It’s a delicious thing, this show. Frankly, given the amazing space they’ve been given to play in and the proven appeal of many of the ingredients they’ve chosen to play with, it would be a surprise if it were otherwise. But that’s not to diminish Littlle Bulb’s invention and skill. Much like in a Wes Anderson film there are boxes within boxes, frames within frames, to their handling of the narrative. The story of Orpheus is told in the style of 1930s Parisian cabaret, with the Great Hall bedecked with red velvet and an array of tables in front of the stage behind which sit more conventional raked seating. The lovers are portrayed by legendary guitarist Django Reinhardt and an Édith Piaf-alike chanteuse Yvette Pépin as played by Little Bulb’s Dominic Conway and Eugenie Pastor. While Conway’s Orpheus remains mute, a calm, smiling presence, his guitar speaking for him, the angular Pastor purrs and smoulders as Piaf/Pepin/Eurydice, rolling her words around, revelling in the undulations of her accent.
Much of the storytelling takes the form of a series of mime sequences and tableaux performed against a backdrop of Debussy and silent movie style-captions. The cast don bunny ears and buck teeth to play woodland creatures or drape and cape themselves in white to play the denizens of the underworld. The dancing is intentionally heavy-footed, and there’s an air of polished amateurishness to the whole enterprise which is mostly pitched at just the right level to render it endearing rather than overly arch. The musicianship as ever is exemplary, but then that’s something of a given with these guys.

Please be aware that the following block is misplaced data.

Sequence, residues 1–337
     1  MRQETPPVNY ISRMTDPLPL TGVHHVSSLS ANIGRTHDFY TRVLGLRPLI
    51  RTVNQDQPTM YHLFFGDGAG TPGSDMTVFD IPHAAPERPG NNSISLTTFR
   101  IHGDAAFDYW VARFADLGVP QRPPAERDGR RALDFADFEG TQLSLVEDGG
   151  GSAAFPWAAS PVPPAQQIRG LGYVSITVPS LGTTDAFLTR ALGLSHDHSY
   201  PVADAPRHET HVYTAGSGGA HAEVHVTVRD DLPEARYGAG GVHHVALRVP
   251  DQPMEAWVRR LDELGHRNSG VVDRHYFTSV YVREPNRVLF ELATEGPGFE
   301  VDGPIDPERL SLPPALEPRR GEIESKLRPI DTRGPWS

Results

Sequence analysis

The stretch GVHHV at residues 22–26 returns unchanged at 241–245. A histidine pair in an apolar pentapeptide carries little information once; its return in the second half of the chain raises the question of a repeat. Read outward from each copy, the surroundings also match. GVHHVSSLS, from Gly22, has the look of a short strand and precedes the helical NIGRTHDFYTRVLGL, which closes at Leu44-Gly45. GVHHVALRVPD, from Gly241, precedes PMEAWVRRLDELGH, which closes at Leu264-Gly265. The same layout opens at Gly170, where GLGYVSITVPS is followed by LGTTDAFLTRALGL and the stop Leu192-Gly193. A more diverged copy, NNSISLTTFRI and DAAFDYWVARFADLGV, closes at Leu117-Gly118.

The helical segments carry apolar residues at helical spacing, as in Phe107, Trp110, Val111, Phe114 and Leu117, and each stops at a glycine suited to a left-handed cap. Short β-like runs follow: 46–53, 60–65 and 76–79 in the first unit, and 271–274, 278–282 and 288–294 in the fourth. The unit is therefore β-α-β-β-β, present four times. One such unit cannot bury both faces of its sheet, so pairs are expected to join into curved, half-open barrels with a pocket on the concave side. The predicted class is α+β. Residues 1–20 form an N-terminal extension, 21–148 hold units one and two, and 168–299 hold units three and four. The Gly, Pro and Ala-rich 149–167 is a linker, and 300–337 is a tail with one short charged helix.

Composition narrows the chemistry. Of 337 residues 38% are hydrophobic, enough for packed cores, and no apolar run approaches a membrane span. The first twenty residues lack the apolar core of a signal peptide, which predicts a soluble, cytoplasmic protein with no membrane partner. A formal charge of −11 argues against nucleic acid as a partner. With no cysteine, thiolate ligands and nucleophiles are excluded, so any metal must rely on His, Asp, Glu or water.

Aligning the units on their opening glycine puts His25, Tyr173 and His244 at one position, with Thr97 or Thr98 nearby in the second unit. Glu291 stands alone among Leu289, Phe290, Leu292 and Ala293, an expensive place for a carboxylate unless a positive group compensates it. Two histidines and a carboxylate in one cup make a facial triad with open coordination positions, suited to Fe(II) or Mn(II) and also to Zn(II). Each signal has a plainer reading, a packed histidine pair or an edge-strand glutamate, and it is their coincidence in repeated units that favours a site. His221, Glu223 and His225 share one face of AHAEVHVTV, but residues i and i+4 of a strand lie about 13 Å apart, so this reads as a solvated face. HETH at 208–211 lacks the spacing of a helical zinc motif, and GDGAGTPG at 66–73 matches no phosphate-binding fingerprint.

Alexander Scott’s production has some truly dazzling moments, particularly in the second half. The song ‘La Chanson de Perséphone’ performed by Tom Penn in male falsetto reminiscent of Anthony and the Johnsons is genuinely haunting, the deployment of the Grand Hall’s mighty organ remains an incredible, reverberative treat, and the climactic sequence – Orpheus and Eurydice’s last desperate dash towards the light – has the audience holding their breath.
While the staging on the whole feels slightly tighter than it did first time around, there are some issues with the lengthy ‘jazz’ interval. While the audience are encouraged to come and go as they wish while the band plays on, few did, and the resulting drag threatens to, if not quite break, than at least dent the production’s spell. This isn’t Little Bulb’s most ambitious show – it doesn’t have the delicacy or the heart-knotting quality of Crocosmia or the divisive alien energy of Squally Showers - it’s a romantic response to an incredible space, a confection, albeit an exquisite one – but taken as an experience in itself, as a night of music and magic and fizz and copious, warm-hearted charm, it’s vastly entertaining and intensely happy-making.
Reviewed for Exeunt